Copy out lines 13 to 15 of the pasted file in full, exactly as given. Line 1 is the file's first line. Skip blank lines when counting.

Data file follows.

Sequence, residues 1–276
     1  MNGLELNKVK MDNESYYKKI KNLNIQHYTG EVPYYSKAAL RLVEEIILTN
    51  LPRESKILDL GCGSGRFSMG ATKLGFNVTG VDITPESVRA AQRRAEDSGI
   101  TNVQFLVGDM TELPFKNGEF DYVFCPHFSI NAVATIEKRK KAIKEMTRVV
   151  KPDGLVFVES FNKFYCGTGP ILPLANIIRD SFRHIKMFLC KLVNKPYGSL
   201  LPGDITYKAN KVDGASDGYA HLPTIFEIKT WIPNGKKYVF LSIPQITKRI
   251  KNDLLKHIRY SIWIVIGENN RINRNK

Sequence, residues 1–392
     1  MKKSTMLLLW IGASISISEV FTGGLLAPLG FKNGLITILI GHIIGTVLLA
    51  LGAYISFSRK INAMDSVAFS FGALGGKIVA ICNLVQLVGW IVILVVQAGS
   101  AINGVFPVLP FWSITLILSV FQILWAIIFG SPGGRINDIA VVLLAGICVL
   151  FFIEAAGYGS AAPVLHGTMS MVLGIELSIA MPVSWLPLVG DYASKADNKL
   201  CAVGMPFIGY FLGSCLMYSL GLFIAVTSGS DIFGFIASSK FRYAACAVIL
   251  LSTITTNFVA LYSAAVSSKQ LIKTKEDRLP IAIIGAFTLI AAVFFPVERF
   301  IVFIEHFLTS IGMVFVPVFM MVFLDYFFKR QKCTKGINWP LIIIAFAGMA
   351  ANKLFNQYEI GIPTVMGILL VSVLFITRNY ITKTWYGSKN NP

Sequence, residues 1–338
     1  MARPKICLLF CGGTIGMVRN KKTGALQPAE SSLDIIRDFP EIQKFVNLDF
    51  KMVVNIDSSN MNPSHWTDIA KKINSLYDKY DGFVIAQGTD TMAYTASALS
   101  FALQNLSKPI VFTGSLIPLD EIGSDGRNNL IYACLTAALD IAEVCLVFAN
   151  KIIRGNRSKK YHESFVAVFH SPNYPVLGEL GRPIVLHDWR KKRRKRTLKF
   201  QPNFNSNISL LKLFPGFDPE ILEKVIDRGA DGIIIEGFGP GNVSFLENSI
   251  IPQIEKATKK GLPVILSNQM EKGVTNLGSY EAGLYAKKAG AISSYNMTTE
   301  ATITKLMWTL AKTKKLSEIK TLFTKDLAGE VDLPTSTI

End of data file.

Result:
   201  CAVGMPFIGY FLGSCLMYSL GLFIAVTSGS DIFGFIASSK FRYAACAVIL
   251  LSTITTNFVA LYSAAVSSKQ LIKTKEDRLP IAIIGAFTLI AAVFFPVERF
   301  IVFIEHFLTS IGMVFVPVFM MVFLDYFFKR QKCTKGINWP LIIIAFAGMA